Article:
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Dr. Jason Haffizulla speaks to Channel 10 HealthCast about Respiratory Syncytial Virus (RSV)

By October 6, 2021January 6th, 2022No Comments
Dr. Jason Haffizulla speaks to Channel 10's HealthCast about Respiratory Syncytial Virus (RSV)

Research underway into adult vaccine for the respiratory syncytial virus

Precision Clinical Research’s Dr. Jason Haffizulla sat down with WLPG Channel 10 HealthCast to discuss the clinical trial we are conducting (part of a large scale clinical trial) into a vaccine for respiratory syncytial virus, or RSV, for adults over the age of 60. Dr. Jason Haffizulla explained that while there is a vaccine for children, it’s also needed in this at-risk older population.

“In adults 65 and older there are an estimated 144,000 hospitalizations for this with nearly 14,000 deaths from RSV. Unfortunately, it is a not-so-well-known killer,” he said.

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About Respiratory Syncytial Virus

Respiratory syncytial virus (RSV), also called human respiratory syncytial virus (hRSV) and human orthopneumovirus, is a very common, contagious virus that causes infections of the respiratory tract. It is a negative-sense, single-stranded RNA virus, and its name is derived from the large cells known as syncytia that form when infected cells fuse together.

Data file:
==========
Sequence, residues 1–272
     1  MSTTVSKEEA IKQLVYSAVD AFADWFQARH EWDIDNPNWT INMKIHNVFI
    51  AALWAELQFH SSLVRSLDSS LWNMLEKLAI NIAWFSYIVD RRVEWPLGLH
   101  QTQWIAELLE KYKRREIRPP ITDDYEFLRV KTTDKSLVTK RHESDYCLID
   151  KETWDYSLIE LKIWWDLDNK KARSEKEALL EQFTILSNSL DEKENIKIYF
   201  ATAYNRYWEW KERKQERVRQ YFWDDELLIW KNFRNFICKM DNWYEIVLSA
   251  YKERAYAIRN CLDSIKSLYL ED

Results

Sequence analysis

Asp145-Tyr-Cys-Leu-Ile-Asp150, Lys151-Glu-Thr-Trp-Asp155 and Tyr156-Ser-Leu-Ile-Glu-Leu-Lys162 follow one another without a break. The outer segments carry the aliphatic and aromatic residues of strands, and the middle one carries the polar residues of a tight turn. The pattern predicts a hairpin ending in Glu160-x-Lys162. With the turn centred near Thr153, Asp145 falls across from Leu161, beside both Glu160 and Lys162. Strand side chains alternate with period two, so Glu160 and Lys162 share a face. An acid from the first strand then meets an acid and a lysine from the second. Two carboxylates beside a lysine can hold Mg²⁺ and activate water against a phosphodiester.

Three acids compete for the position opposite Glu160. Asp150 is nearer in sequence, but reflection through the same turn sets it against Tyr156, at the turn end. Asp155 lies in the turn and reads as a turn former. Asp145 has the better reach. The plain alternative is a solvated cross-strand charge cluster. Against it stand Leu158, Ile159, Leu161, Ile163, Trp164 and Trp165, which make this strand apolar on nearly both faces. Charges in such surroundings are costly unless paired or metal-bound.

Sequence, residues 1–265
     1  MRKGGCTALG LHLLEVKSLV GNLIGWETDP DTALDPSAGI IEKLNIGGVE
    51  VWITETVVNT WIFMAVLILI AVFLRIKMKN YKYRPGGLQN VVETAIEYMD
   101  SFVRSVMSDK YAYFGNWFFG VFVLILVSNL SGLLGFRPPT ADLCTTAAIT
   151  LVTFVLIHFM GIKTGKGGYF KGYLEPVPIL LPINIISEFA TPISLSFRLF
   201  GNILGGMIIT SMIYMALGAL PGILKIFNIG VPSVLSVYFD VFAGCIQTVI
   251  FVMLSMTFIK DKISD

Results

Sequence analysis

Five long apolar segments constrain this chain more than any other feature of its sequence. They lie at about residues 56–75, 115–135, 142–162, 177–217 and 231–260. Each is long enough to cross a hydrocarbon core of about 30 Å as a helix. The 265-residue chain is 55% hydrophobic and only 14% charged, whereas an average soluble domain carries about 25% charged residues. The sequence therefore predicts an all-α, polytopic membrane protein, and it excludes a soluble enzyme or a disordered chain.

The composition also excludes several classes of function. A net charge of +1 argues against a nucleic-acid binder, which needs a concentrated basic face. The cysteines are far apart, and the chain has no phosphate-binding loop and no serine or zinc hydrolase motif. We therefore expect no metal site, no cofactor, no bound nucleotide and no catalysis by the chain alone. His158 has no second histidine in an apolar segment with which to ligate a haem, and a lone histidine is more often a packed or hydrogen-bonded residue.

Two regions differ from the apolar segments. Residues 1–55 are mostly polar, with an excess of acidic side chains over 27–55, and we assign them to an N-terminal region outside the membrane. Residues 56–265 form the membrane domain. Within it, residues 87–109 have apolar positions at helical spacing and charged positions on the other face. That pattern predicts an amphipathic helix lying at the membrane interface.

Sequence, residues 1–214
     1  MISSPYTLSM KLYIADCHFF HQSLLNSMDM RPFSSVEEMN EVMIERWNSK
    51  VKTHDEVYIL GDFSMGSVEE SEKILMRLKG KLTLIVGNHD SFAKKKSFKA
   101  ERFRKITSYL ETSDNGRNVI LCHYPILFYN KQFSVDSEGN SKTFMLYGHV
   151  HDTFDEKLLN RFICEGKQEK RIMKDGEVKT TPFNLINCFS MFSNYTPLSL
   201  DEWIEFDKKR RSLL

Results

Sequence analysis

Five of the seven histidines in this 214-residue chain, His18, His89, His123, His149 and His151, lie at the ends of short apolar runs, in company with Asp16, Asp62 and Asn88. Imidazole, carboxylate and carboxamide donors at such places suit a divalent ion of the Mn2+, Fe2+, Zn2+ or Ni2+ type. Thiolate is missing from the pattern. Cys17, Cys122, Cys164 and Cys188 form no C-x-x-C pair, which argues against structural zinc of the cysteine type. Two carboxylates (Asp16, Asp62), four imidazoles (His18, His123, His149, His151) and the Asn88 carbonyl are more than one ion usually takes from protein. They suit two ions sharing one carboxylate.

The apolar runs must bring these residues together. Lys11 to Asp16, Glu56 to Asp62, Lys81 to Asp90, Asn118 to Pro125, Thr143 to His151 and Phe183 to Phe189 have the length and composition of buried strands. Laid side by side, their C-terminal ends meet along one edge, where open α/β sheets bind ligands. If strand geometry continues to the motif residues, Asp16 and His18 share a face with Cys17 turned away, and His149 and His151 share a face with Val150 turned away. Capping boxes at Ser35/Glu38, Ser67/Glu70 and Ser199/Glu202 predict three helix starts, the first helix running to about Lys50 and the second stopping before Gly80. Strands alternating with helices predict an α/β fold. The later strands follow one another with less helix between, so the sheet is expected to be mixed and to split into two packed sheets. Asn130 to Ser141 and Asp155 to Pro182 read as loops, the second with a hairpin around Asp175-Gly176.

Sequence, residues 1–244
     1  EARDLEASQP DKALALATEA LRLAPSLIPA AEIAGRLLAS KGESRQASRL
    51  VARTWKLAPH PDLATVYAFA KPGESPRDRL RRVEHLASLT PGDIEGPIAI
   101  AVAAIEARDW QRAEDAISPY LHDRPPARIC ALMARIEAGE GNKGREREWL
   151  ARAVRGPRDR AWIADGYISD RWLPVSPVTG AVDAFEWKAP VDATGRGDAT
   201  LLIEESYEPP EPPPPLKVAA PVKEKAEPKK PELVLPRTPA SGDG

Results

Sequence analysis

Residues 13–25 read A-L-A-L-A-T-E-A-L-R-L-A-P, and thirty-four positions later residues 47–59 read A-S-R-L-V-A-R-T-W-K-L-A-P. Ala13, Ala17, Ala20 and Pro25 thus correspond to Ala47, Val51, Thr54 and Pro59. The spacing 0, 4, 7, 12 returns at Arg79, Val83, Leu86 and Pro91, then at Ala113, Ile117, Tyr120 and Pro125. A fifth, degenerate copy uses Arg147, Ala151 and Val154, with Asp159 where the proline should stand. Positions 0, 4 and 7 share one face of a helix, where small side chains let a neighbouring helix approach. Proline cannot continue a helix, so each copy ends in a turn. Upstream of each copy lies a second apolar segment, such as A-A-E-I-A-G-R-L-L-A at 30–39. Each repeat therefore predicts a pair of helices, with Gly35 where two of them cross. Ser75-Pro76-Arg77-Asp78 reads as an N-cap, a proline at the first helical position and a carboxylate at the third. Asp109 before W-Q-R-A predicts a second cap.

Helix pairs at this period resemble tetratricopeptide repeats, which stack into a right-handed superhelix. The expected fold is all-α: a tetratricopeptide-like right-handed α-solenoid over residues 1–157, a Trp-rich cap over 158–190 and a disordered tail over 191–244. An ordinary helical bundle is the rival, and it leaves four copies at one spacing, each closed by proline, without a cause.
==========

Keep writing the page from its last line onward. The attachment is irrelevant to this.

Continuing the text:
RSV is the single most common cause of respiratory hospitalization in infants, and reinfection remains common in later life: it is an important pathogen in all age groups. Infection rates are typically higher during the cold winter months, causing bronchiolitis in infants, common colds in adults, and more serious respiratory illnesses such as pneumonia in the elderly and immunocompromised.

RSV is spread through contaminated air droplets and can cause outbreaks both in the community and in hospital settings. Following initial infection via the eyes or nose, the virus will infect the epithelial cells of the upper and lower airway, causing inflammation, cell damage, and airway obstruction. A variety of methods are available for viral detection and diagnosis of RSV including antigen testing, molecular testing, and viral culture. While the main prevention measures include hand washing and avoiding close contact with infected individuals, a prophylactic medication called palivizumab is available to prevent RSV infection in high-risk infants. Currently, there is no vaccine against RSV, although many are under development is described in the clinical trial above.